Notice that there are 7+ 4 star hotels in region 10.
Then notice that area 9 has none!
So now you can select zone 9 and 10 and bid again and you don’t have to worry about getting a hotel in that region. Understand why? Because we selected 4 star and above and there are no 4 star hotels in region 9. You can’t win a hotel in that region because there are no hotels eligible, meaning 4 star or above. This way, you guarantee that the hotel will be in your region of choice and you get to bid again. This is referred to as “free rebids”.
You can have tons of eligible rebids in certain areas. Lets keep going with this example. We want a 4 star+ hotel in the Rio Grande/Fajardo area of Puerto Rico. By quickly checking the individual boxes for other zones I can see that regions 1, 2, 3, 5, 6, 8, and 9 have no 4 star+ hotels. That means that we can select 10 and any other of these regions to get a free rebid, again, because we’re both changing the search to get another bid and because none of those regions have qualified hotels.
You can also use combinations to get free rebids. You can have different tries that look like this:
- 10 + 1
- 10 + 2
- 10 + 1 + 2
- 10 + 1 + 3
- 10 + 2 + 3
- 10 + 1 + 2 + 3
And on and on it goes. By having just three extra regions we got 6 “free rebids”, because each one is a different search. The more free zones you have the more free rebid combinations you can have. One could end up with 100+ free rebids. You could start your bid low and keep raising it using free rebids until you find the minimum price that the hotel is giving priceline. I can’t exaggerate how many good deals can be had on here. Of course, you can go broke saving money.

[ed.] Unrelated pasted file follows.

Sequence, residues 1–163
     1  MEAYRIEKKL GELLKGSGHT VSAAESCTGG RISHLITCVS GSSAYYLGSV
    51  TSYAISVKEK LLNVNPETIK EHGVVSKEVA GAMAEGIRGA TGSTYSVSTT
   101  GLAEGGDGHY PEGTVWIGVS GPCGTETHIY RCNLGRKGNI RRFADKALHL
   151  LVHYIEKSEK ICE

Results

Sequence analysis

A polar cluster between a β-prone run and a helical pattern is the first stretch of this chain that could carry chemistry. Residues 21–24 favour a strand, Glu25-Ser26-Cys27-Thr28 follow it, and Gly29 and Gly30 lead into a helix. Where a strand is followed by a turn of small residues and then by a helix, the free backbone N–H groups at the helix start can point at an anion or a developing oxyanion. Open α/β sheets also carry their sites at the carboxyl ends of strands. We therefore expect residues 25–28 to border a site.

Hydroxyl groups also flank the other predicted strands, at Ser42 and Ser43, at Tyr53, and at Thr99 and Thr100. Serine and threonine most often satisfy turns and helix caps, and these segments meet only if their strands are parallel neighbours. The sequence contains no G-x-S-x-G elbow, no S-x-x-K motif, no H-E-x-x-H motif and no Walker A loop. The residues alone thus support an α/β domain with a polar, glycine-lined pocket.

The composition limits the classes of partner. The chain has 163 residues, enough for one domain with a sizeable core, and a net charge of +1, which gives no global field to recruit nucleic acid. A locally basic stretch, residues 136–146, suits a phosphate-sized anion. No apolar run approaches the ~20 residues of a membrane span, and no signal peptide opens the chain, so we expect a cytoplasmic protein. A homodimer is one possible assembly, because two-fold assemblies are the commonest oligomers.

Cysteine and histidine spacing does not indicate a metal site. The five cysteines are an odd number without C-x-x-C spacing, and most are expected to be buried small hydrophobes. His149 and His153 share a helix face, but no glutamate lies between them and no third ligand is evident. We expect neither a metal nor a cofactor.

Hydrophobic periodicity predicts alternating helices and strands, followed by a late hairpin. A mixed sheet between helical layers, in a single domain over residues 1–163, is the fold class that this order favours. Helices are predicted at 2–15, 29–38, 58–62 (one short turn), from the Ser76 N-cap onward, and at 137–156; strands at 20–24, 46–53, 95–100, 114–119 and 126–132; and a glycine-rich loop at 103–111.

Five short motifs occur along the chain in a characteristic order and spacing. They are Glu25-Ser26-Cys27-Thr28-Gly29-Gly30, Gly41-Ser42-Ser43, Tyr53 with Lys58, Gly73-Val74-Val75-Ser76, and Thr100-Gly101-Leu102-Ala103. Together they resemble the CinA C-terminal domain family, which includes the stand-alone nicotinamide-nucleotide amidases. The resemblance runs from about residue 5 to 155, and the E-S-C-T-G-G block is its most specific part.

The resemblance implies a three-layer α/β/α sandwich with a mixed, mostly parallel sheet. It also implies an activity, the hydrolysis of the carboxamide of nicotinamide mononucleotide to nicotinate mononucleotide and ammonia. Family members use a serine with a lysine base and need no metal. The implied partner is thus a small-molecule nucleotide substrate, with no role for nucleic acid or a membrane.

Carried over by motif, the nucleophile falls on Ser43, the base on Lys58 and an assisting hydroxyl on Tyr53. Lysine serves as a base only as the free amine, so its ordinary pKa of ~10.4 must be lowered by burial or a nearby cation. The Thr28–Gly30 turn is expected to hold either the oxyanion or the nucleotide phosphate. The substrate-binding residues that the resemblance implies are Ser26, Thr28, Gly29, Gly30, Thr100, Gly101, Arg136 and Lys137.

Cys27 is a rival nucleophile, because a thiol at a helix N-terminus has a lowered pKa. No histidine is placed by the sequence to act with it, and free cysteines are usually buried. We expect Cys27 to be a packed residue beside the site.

I will say that if the bid gets as high as hotwire and you’ve already figured the hotel out on Hotwire and like that hotel, there’s no reason not to book on Hotwire, assuming it’s a good deal.
Although there is one problem with using Priceline’s and Hotwire’s hidden deals; you don’t earn points or elite night credit on your stay. In other words if you “win” a Marriott hotel, that stay isn’t going to count towards the free night certificate promotion that Marriott has. If you’re not saving much money, you should really think about which is more worth it. Plus, if you have status, you’re not guaranteed a stay at your favorite chain. So there are a number of things to consider. Although, for those with status, I do recommend contacting the hotel and letting them know about your stay.
The best time to book on Priceline
I’m told the best time is 2-3 weeks out. I’ve had decent luck on last minute booking in off peak times/areas, but 2-3 seems safe. I personally don’t like having non-cancelable rooms, and “name your own price” on priceline is indeed non-refundable.
The same concept applies to airfare and car rentals. I find that 2-3 weeks out is best, although I’ve only used this on airfare once, I do see tickets start to sell out in the weeks leading up to the flight.
Bidding for travel and BetterBidding are sites dedicated to Priceline (and Hotwire). After a successful bid, people post what they got and for how much. You can go and see what to expect. Similar to Hotwire, this can tell you what hotels to expect and where to start your bidding. Maybe start a little under what everyone else is winning at and work your way up if you have the rebids.
Generally I find that the winning price is not a round number. It’s not usually $80 but instead maybe $79.
Hopefully this post will be a good intro to Priceline for those who were unfamiliar and for those who were familiar, I hope it’s a good introduction into rebidding – one of the best Priceline tricks.